Barry Masefield was the Air Electronics Officer (AEO) for Vulcan XH558 and had flown in this iconic aircraft for over 30 years, also being a key member of the Vulcan Display Flight (VDF), the RAF Unit which memorably flew the aircraft on the Airshow circuit until September 1992. Barry was also a member of the crew that flew XH558 into Bruntingthorpe Airfield on 23 March 1993 – her final flight in RAF service.
Since I wrote my last blog XH558 has been very busy. She successfully flew the first display of the season at the Abingdon air show on the 8th May. I wasn’t flying that day though; the AEO for that trip was Phil Davies.
Funding will always be a matter of concern but I feel very confident that the public realise the importance of XH558 and that they will once again ride to our rescue to ensure the long-term viability of the Vulcan. As always we cannot thank enough the public who donate their hard-earned cash but I can assure you all that it is much appreciated by all of us who are involved with XH558. Thank you each and all. As I write this we have just completed a very busy weekend with an air show at Southend and a static display at Bruntingthorpe. The weather conditions at Southend weren’t very good but fortunately were within the limits set down for us to display the aircraft. Feedback I’ve had from those who were at the air show says that we looked spectacular against the threatening skies and, as is now becoming the norm, we stole the show. After the display on the seafront we flew the few miles north to Southend airport to overfly the Vulcan, XL426, based there. Some of you may recall that XL426 was our sister aircraft on the Vulcan Display Flight back in the 80’s before she was sold off by the MOD and she is lovingly being looked after by the enthusiasts down there in Essex.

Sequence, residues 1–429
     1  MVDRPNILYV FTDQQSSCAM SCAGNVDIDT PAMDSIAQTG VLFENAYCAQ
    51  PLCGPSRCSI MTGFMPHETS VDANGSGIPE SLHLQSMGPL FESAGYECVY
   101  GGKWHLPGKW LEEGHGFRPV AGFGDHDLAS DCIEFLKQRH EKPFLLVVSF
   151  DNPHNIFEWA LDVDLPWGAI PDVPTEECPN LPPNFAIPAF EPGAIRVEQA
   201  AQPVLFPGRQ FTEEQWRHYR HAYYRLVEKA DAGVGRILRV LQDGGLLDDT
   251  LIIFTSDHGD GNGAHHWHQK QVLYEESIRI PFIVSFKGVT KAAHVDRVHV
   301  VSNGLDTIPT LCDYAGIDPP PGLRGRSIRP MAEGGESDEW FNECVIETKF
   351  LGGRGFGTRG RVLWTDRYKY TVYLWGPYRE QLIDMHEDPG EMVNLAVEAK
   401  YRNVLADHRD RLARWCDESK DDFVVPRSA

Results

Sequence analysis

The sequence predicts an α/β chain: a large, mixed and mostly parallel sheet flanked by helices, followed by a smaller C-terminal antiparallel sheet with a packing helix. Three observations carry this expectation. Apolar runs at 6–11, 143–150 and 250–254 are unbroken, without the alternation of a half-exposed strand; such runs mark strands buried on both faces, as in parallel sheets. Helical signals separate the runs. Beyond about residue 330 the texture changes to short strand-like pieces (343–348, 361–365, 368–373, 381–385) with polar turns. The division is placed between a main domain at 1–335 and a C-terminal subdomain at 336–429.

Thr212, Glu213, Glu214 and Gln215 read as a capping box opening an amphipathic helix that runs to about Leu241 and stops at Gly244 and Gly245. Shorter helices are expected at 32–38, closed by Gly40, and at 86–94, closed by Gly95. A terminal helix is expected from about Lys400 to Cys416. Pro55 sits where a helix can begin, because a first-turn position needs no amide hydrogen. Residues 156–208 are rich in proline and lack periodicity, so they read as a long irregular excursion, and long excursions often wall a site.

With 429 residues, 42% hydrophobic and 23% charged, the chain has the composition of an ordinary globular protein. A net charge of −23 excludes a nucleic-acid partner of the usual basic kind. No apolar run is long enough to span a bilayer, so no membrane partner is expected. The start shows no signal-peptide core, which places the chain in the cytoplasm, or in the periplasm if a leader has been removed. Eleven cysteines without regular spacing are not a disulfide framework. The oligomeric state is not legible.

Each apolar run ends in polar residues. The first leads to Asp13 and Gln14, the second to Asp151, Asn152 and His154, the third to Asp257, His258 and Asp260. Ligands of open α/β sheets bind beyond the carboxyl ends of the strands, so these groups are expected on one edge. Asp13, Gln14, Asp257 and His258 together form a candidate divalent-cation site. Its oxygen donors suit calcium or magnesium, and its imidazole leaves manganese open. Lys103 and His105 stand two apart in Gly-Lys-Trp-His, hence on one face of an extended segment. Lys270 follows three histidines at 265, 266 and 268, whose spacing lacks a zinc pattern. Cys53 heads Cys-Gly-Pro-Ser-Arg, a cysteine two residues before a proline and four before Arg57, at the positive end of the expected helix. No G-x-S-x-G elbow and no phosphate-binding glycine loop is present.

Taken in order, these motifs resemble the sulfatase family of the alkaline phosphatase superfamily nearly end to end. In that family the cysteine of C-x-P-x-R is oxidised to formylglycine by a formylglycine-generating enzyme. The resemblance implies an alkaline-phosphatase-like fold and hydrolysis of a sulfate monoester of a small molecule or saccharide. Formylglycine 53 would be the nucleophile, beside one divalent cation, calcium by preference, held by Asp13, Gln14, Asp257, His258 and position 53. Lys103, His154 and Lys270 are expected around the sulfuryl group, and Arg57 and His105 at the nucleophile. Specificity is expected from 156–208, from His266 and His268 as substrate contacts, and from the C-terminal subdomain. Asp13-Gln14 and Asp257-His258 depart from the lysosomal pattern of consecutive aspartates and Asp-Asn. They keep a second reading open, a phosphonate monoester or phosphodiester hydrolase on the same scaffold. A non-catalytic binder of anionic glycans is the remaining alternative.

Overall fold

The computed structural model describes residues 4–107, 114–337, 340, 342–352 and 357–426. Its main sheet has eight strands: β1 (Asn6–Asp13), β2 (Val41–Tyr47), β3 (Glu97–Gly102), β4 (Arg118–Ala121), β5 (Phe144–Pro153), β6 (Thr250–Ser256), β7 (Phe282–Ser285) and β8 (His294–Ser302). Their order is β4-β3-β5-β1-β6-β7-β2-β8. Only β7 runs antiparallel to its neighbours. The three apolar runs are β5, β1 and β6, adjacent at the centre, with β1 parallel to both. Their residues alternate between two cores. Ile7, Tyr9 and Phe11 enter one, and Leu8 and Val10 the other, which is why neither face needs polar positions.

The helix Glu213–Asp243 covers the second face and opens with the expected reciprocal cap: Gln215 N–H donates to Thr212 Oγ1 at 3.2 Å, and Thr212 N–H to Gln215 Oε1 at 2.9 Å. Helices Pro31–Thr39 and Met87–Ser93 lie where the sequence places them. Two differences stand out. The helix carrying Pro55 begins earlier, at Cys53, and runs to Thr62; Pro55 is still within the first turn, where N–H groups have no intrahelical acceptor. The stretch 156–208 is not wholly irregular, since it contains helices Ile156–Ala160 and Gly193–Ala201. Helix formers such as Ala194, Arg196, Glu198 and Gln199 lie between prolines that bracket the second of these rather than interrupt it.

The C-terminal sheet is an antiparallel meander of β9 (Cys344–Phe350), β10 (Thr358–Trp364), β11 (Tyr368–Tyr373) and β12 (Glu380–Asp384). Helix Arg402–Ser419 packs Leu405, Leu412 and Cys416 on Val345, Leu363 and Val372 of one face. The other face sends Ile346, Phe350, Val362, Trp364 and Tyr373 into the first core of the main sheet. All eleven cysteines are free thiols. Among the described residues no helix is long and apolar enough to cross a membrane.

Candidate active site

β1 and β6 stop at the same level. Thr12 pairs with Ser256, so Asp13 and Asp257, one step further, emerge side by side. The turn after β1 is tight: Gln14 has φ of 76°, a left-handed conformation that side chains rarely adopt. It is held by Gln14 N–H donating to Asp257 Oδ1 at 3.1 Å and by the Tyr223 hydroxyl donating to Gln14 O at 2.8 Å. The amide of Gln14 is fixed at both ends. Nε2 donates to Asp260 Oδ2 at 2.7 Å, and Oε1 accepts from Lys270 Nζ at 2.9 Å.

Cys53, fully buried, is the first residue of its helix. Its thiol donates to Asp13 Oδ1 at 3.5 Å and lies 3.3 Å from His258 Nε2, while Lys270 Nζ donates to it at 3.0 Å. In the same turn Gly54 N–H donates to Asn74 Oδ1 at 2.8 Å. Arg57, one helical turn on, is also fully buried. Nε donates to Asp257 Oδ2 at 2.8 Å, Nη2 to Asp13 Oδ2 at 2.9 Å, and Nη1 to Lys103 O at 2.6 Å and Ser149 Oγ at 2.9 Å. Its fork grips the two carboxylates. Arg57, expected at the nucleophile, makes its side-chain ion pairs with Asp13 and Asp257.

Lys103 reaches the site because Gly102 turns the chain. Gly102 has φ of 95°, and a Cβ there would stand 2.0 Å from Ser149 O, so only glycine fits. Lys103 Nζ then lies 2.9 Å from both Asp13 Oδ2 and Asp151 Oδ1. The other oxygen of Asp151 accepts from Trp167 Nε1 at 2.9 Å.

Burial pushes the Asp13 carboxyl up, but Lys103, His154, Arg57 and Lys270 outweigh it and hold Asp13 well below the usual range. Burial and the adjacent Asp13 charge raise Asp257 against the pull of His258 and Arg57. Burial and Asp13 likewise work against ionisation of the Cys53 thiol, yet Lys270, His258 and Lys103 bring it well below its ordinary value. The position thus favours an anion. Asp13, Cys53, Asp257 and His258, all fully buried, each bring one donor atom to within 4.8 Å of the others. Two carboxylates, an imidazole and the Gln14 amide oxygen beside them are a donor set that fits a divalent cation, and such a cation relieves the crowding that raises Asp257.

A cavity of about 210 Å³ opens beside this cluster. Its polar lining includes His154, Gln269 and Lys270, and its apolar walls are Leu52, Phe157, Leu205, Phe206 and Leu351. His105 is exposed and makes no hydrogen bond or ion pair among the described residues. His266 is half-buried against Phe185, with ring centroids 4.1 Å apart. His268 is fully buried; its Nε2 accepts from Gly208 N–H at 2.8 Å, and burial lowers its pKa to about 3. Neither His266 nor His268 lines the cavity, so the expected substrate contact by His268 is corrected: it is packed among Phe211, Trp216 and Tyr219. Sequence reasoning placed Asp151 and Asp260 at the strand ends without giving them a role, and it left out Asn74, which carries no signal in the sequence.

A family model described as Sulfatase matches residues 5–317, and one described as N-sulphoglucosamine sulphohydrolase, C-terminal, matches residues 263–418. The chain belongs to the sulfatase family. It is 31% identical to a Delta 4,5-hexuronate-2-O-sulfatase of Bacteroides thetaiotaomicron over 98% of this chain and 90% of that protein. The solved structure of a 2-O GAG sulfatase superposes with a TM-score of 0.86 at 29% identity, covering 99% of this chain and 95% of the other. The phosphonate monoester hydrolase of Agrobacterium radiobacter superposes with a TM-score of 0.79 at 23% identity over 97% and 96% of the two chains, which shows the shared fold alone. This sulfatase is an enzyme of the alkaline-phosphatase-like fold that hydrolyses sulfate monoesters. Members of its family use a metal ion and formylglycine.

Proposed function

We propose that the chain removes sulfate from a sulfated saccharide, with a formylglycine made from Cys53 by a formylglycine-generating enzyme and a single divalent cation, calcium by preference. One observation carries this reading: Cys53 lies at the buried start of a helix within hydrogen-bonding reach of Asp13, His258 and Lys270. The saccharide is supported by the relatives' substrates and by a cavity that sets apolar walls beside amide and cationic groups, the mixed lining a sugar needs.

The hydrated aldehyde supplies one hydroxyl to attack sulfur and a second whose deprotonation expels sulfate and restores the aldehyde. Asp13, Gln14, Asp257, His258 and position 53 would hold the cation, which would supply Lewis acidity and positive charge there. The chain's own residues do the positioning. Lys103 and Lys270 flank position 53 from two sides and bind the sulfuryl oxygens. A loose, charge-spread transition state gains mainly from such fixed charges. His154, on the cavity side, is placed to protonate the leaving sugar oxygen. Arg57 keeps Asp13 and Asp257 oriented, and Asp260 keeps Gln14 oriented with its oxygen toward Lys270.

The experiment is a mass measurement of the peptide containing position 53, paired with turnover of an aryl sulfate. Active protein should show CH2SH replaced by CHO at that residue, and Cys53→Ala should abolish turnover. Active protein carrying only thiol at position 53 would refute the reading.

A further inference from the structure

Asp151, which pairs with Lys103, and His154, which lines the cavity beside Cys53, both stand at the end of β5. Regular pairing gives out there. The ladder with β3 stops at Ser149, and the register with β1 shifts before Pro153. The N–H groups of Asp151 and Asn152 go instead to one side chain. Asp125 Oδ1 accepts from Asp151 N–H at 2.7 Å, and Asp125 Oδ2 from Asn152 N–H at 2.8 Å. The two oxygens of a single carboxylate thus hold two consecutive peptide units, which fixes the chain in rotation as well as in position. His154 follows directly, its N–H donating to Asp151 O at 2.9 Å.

After our work in the Southend area was complete we set course for Bruntingthorpe where XH 558 was going to be used as a static aircraft at the Bruntingthorpe Cold War Jets show the following day. I’m told that the gate numbers increased markedly once the public had been told that the Vulcan was going to be on the ground at Bruntingthorpe. We experienced that at first hand on the Sunday morning when trying to get into the airfield. We spent nearly half an hour in traffic travelling at a snail’s pace on the narrow country roads before we managed to get to the entrance gate.
The day seemed to be a great success for David Walton, the owner of Bruntingthorpe and the original owner of XH558 after she was sold off by the MOD, and despite the weather being very windy and overcast the crowd thoroughly enjoyed watching all the various aircraft he has in his Cold War Jets aircraft museum start up and fast taxi down the runway. We had a very enjoyable day in the VTTS tent signing books and other paraphernalia and having a chance to meet up with our ever faithful public. It’s so nice to see so many familiar faces who show such loyalty to our Vulcan. We were the last event of the day and were programmed to take off at about 5.30pm.